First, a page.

The setting for this memoir begins in Haarlem, Holland, in 1937, and ends
with Corrie ten Boom’s death in Orange County, California on April 15,
1983, her 91st birthday. In between, there are flashbacks to her youth
in Haarlem where she was born in 1892, and explanations of the old and
odd Dutch house where she grew up and lived most of her life, the Beje.
Of course, there is also the year - February 28, 1944 through New Year’s
Day, 1945 - that she spent in two Dutch prisons - Scheveningen and Vught
- and one concentration camp, which was in East Germany - Ravensbruck.
Corrie ten Boom
The narrator of her own autobiography, she was a Dutch woman who went to prison for subversive activities against the Nazi occupation in Holland.
Betsie ten Boom
Corrie’s older sister, she was the most devout of a very religious Dutch family and foresaw Corrie’s ministry from her death bed.
Casper ten Boom
Corrie’s father, he was a very good, beloved member of the Haarlem community, where he had been a watch maker and repairer all his life.
Mama ten Boom
Corrie’s mother who died from a stroke, but not before exhibiting a miraculous recovery at Nollie’s wedding.
Willem ten Boom
Corrie’s brother, he became an ordained minister in the Dutch Reformed Church and later opened a nursing home for elderly Jews. He worked in the underground movement, finding hiding places for Jews of all ages.
Nollie ten Boom van Woerden
Corrie’s younger sister, her insistence on honesty in all insistences nearly got the Resistance workers into trouble several times.
Peter van Woerden
Corrie’s nephew and Nollie’s son, he was a musical prodigy who played the national anthem. even though it was forbidden, on the great church organ, inspiring his countrymen.
Kik ten Boom
Corrie’s nephew and Willem’s son, he died in Bergen-Belsen after being captured by the Nazis for helping an American parachutist make it to the North Sea.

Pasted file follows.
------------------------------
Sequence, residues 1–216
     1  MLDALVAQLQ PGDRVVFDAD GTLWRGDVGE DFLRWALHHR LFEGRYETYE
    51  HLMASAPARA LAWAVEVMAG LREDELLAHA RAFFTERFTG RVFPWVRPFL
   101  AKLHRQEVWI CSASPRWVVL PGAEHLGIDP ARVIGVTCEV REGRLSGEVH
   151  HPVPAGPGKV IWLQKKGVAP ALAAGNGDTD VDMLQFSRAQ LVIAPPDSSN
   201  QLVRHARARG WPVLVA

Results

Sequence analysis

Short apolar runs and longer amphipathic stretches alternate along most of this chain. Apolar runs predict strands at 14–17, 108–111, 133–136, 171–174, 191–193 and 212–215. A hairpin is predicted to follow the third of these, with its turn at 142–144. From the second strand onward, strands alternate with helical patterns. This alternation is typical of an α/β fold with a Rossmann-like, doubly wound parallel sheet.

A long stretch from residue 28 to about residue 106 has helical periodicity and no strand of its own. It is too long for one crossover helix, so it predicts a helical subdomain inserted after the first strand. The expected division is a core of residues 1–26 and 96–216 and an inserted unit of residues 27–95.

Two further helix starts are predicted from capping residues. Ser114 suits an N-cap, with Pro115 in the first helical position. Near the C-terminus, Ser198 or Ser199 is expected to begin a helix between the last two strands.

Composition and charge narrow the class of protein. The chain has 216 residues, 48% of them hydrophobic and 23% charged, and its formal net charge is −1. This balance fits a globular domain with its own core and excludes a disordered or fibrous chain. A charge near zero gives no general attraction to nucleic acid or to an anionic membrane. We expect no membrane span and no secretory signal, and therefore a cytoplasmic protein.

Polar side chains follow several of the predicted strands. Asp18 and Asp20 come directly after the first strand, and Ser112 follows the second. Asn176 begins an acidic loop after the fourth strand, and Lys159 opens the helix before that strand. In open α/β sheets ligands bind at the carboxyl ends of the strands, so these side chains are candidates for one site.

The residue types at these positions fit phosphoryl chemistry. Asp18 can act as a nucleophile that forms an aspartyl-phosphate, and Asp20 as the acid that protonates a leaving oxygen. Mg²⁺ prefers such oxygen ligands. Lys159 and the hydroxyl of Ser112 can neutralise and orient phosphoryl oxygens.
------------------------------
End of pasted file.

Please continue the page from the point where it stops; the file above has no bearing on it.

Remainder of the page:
Tante Jans, Tante Bep, and Tante Anna
Mama’s sisters who all lived with the ten Booms in the Beje until their deaths.
The nickname of Herman Sluring who was a very wealthy Dutchmen and friend of the ten Boom family. He also worked for the Resistance movement in Holland.
The young man with whom Corrie fell in love, but who married another girl within his own social class. The loss of his love determines for Corrie that she will never marry.
Toos and Christoffels
Two employees of the watch shop who could not find jobs in other shops, but for whom Father found a place in his shop and in his heart.
The Jewish man whose obviously Jewish appearance made it imperative that the ten Booms offer him a place to hide. He was nicknamed Eusie and the family soon came to love him.
Harry de Vries and his wife, Cato
A couple from mixed backgrounds (he was Jewish, but converted to Chritianity, and she was Christian), they came to the ten Booms early in the Occupation for help.
A young German Youth who came to the watch shop to apprentice. Father eventually had to fire him for harassing Christoffels.
A German soldier who helped Corrie, because he was sickened by the evil of which he was a part.
A prisoner at Ravensbruck who worked in the hospital, she gave Corrie the much needed vitamins and yeast compound to help keep them well, and she was the first to discover the miracle of Betsie’s face after she died.
The man from Ermelo who had collaborated with the Germans and caused the Beje to be raided, leading Corrie, Betsie, and Father to be imprisoned.
Mrs. Bierens de Haan
The wealthy woman in Haarlem who promised God that she would open her house to those in need of healing after the war, if her son came home safely.
“Mr. and Mrs. Smit”
The names given to everyone in the Resistance Movement so that no one could be tortured to give up any actual names.
Cite this page:
Clapsaddle, Diane. "TheBestNotes on The Hiding Place".
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